ARIZONA NEWS

President of the Arizona State Troopers Association lobbies with the Coalition Against Bigger Trucks in Washington, DC

Jun 13, 2024, 4:25 AM

Proposed federal legislation looks to increase the weight of commercial trucks and gives individual...

Proposed federal legislation looks to increase the weight of commercial trucks and gives individual states the authority to set that weight. (Pexels photo)

(Pexels photo)

PHOENIX – Proposed federal legislation looks to increase the weight of commercial trucks and gives individual states the authority to set that weight. The President of the Arizona State Troopers Association Jeffery Hawkins went to Washington, D.C. this week to lobby with the Coalition Against Bigger Trucks (CABT) to oppose the legislation. He met with members of Arizona’s congressional delegation to voice his concerns.

H.R. 3372 would create a pilot program expanding the operation of commercial semitrucks with gross vehicle weight that is 11,000 pounds heavier. The current weight limit is capped at 80,000 pounds. “The pilot project would allow states to initiate an increase in the maximum GVWR (Gross Vehicle Weight Rating) of a vehicle to 91,000 pounds from its current existing 80,000 pounds,” Hawkins said. Hawkins calls the measure dangerous because of increased brake time, infrastructure issues and a trooper shortage.

Increased Brake Time:

Hawkins says the extra 11,000 pounds will increase the stopping distance by 22 feet. “Like anybody that adds more weight, it adds more wear and tear. More ability for brake failure or just simple brake wear,” Hawkins said. He says you can run 90,000-pound trucks in states with smaller populations like North and South Dakota because there are less vehicles on the road. He says the high population density of the Phoenix Metro area will run into problems with heavier semis on the roads, and likely more accidents.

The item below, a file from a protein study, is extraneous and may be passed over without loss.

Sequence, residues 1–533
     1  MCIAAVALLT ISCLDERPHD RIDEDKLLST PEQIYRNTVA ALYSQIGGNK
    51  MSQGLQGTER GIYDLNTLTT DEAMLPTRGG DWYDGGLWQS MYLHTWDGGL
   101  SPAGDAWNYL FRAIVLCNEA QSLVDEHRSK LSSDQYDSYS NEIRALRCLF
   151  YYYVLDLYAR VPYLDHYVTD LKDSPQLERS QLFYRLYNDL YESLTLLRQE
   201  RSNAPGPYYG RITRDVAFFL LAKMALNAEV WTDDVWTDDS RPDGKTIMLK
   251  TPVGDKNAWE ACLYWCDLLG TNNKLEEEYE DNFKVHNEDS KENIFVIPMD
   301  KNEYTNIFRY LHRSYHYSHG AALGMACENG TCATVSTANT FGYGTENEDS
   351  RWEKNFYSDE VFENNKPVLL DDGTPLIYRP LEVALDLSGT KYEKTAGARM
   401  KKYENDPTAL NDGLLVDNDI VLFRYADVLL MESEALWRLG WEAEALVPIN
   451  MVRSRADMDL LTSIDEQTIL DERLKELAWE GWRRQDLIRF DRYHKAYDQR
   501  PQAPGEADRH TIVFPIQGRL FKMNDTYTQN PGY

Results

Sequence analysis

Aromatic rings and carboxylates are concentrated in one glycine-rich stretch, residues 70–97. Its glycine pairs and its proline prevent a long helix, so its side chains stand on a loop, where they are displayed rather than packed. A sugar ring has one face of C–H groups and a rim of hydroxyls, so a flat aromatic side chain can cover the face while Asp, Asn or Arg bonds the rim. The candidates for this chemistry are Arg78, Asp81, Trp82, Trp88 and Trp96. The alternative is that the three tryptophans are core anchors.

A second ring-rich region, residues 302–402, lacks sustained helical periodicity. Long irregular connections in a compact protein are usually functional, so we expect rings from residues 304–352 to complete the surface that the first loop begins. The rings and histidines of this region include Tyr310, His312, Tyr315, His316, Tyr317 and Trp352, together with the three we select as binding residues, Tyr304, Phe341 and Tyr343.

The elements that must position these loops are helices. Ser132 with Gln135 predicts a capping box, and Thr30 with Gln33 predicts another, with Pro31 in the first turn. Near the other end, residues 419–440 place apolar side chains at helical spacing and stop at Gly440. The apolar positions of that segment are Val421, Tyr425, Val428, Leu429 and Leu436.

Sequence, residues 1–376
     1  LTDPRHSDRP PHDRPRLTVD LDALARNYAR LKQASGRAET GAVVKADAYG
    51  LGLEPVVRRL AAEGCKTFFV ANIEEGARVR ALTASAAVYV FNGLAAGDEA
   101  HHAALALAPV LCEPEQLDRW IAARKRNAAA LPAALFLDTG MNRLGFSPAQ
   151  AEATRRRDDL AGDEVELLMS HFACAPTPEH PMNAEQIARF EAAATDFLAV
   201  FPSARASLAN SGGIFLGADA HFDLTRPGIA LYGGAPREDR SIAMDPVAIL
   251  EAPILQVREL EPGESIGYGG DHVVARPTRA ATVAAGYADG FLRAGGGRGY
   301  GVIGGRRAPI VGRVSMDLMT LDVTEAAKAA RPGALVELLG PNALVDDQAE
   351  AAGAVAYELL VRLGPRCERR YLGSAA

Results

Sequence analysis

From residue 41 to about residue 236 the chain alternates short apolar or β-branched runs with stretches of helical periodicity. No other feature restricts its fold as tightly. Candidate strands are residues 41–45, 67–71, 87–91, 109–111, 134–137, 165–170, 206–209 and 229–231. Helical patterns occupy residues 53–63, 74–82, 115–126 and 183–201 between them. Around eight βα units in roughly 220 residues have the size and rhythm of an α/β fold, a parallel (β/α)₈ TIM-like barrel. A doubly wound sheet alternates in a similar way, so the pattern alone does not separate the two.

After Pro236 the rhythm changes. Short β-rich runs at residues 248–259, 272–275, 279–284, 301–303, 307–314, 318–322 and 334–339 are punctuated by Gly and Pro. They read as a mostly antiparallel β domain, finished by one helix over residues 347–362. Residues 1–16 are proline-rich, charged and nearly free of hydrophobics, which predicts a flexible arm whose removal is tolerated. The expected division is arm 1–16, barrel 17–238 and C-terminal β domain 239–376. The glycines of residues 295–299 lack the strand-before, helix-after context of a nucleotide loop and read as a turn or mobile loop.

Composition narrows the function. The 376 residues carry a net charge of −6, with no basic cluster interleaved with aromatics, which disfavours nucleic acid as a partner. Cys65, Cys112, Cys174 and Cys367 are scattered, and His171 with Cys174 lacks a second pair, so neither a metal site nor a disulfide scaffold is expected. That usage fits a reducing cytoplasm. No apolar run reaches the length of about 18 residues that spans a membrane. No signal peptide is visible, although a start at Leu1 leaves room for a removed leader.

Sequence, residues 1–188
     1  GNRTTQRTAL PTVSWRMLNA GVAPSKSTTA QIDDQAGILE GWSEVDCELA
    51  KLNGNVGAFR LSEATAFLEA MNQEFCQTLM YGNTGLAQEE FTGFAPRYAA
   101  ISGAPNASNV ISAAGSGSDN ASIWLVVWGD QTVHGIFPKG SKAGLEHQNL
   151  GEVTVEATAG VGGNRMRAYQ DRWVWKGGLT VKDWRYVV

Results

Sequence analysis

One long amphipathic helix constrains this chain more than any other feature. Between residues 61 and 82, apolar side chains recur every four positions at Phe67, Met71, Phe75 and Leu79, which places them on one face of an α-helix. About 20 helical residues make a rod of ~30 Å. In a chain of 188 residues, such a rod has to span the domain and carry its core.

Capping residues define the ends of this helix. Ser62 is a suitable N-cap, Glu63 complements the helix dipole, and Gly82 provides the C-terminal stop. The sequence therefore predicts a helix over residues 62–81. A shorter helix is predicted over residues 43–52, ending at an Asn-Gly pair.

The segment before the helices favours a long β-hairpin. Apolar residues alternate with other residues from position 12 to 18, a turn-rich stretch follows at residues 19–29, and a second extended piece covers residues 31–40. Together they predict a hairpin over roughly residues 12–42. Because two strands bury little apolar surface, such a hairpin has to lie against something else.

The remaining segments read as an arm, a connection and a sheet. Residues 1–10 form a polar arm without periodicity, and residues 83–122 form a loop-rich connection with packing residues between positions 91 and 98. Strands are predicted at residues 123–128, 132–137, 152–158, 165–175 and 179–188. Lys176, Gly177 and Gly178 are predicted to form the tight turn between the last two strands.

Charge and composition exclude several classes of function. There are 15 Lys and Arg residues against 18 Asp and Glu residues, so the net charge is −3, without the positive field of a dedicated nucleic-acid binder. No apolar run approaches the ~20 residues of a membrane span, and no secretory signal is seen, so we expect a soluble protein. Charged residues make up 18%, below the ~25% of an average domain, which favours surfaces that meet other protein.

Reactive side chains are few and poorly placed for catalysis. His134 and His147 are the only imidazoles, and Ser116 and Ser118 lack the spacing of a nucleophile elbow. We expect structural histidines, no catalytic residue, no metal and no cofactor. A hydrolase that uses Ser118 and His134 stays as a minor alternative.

According to the U.S. Department of Transportation, fatal crashes involving large trucks increased 50% nationwide from 2021 to 2022. And in Arizona fatal crashes involving large trucks increased 20% during the same period.

Infrastructure:

“Most of the bridges in Arizona can’t withstand 91,000-pound loads,” Hawkins said. He says it would cost $464 million to upgrade nearly 5,200 bridges across the state. Hawkins and the CABT also asked members of Congress not to vote for H.R. 7496, which would give individual states the authority to increase commercial truck weight limits. Right now, only the United States President has that authority during a national emergency like the COVID pandemic. Hawkins says this would cause massive problems within the trucking industry because their semis drive cross country. All of the states need to have the proper infrastructure to hold the heavier trucks, which is hard to do when semi weight caps vary from state to state. “It would create a bit of an issue with enforcement if California decided that they were going to raise it, but Arizona didn’t,” Hawkins said.

Trooper Shortage:

Arizona Department of Public Safety is short about 500 troopers, and they don’t have the workforce to inspect all these semis in the pilot program. “There’s a pretty high fatality weight when it comes to commercial traffic at weights of 80,000 pounds and with very few troopers on the road our thought process is we didn’t want to add more weight to trucks with less folks to inspect those trucks,” Hawkins said. Hawkins adds even in their own commercial motor vehicle bureau they are down several troopers.

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President of the Arizona State Troopers Association lobbies with the Coalition Against Bigger Trucks in Washington, DC